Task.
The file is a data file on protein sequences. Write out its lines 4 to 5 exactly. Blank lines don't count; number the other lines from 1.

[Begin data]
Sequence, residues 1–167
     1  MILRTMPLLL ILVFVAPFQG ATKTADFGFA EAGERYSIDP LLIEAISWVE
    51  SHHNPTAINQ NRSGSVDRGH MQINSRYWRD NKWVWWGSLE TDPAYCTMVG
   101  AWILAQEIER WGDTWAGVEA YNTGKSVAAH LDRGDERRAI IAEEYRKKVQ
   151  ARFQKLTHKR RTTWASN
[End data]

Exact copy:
   101  AWILAQEIER WGDTWAGVEA YNTGKSVAAH LDRGDERRAI IAEEYRKKVQ
   151  ARFQKLTHKR RTTWASN